Friday, January 01, 2021

Ninth Day of Christmas


Many social change activists and educators are aware of the International Day of Peace celebrated on September 21 each year. 

However I bet London to a brick that very few Catholics know that the World Day of Peace  was established by Pope Paul VI  in 1967, being inspired by the encyclical Pacem in Terris of Pope John XXIII and with reference to his own encyclical Populorum Progressio. The day was first celebrated on 1st January 1968 observed on 1 January 1968.

The Catholic Church, with the intention of service and of example, simply wishes to “launch the idea”, in the hope that it may not only receive the widest consent of the civilised world but that such an idea may find everywhere numerous promoters, able and capable of impressing on the “Day of Peace”, to be celebrated on the first day of every new year, that sincere and strong character of conscious humanity, redeemed from its sad and fatal bellicose conflicts, which will give to the history of the world a more happy, ordered and civilised development.”

Full text of the 1st World Day of Peace address by St Paul Vi


This year Pope Francis continues the tradition with his invitation to create a culture of care as a path to peace. The full statement is available here.

Some quotable quotes from this year's statement:

Care for creation was at the heart of the institution of the Sabbath, which, in addition to ordering divine worship, aimed at the restoration of the social order and concern for the poor (cf. Gen 1:1-3; Lev 25:4). The celebration of the Jubilee every seventh sabbatical year provided a respite for the land, for slaves and for those in debt.  In that year of grace, those in greatest need were cared for and given a new chance in life, so that there would be no poor among the people (cf. Deut 15:4). (3.2)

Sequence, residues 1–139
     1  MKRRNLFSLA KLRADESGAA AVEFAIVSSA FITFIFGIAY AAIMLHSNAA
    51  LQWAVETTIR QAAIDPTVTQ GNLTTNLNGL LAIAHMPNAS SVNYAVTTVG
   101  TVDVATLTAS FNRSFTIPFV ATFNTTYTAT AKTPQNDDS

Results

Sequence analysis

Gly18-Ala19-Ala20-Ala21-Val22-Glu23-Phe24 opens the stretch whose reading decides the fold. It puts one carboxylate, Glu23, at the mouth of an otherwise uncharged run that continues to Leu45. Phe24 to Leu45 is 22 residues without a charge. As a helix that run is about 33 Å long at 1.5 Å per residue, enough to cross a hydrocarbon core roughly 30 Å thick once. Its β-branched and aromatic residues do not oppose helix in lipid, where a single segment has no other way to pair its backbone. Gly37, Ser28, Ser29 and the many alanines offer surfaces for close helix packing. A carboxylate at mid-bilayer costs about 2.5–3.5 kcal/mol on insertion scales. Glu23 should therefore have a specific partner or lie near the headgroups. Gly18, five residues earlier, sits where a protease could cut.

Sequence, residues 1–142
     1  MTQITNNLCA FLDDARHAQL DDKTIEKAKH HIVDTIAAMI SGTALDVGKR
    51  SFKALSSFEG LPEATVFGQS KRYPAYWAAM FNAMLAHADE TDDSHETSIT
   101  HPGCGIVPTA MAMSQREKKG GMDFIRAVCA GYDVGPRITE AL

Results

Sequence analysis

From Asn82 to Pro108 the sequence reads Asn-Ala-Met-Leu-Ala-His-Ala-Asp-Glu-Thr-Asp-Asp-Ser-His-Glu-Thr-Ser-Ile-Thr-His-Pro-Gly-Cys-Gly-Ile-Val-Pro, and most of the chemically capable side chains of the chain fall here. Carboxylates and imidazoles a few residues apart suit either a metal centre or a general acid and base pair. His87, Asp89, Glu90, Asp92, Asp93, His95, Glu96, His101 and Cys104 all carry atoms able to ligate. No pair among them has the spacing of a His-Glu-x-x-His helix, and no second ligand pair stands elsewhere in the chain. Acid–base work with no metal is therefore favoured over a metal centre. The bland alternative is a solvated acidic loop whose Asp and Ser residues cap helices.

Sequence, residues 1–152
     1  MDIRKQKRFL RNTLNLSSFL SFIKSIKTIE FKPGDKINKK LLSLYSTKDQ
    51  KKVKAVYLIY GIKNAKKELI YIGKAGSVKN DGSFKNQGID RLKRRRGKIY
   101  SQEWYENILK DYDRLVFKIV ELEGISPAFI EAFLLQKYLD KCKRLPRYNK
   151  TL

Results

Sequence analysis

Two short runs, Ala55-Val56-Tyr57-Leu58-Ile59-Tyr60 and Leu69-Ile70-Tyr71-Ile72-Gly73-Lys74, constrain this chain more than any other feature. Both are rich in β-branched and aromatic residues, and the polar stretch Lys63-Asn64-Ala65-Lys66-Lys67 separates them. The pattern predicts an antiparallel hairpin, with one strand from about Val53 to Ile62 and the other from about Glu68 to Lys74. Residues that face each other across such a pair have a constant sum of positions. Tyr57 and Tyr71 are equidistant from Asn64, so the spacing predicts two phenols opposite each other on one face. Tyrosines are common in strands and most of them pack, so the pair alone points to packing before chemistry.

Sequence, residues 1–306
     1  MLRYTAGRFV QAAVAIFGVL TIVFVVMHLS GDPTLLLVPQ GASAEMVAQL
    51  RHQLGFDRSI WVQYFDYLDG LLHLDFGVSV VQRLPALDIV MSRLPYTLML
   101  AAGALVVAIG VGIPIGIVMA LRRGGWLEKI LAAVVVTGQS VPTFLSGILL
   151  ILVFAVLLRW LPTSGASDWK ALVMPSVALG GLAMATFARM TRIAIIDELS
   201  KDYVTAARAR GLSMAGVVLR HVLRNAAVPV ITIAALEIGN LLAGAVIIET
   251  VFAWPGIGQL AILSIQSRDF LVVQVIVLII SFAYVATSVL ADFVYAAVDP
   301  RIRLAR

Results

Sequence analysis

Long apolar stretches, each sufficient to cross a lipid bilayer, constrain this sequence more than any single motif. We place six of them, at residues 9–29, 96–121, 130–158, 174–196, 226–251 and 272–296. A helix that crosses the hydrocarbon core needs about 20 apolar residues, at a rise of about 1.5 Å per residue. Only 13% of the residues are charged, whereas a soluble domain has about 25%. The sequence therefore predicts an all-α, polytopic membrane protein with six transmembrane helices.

“The very concept of the person, which originated and developed in Christianity, fosters the pursuit of a fully human development. Person always signifies relationship, not individualism; it affirms inclusion, not exclusion, unique and inviolable dignity, not exploitation”.[8] Each human person is an end in himself or herself, and never simply a means to be valued only for his or her usefulness. Persons are created to live together in families, communities and societies, where all are equal in dignity. Human rights derive from this dignity, as do human duties, like the responsibility to welcome and assist the poor, the sick, the excluded, every one of our “neighbours, near or far in space and time”.[9] (6.2)

How many resources are spent on weaponry, especially nuclear weapons,[20] that could be used for more significant priorities such as ensuring the safety of individuals, the promotion of peace and integral human development, the fight against poverty, and the provision of health care. Global problems like the present Covid-19 pandemic and climate change have only made these challenges all the more evident. What a courageous decision it would be to “establish a ‘Global Fund’ with the money spent on weapons and other military expenditures, in order to permanently eliminate hunger and contribute to the development of the poorest countries”![21] (7.5)

The culture of care thus calls for a common, supportive and inclusive commitment to protecting and promoting the dignity and good of all, a willingness to show care and compassion, to work for reconciliation and healing, and to advance mutual respect and acceptance. As such, it represents a privileged path to peace. “In many parts of the world, there is a need for paths of peace to heal open wounds. There is also a need for peacemakers, men and women prepared to work boldly and creatively to initiate processes of healing and renewed encounter”.[25] (9.1)

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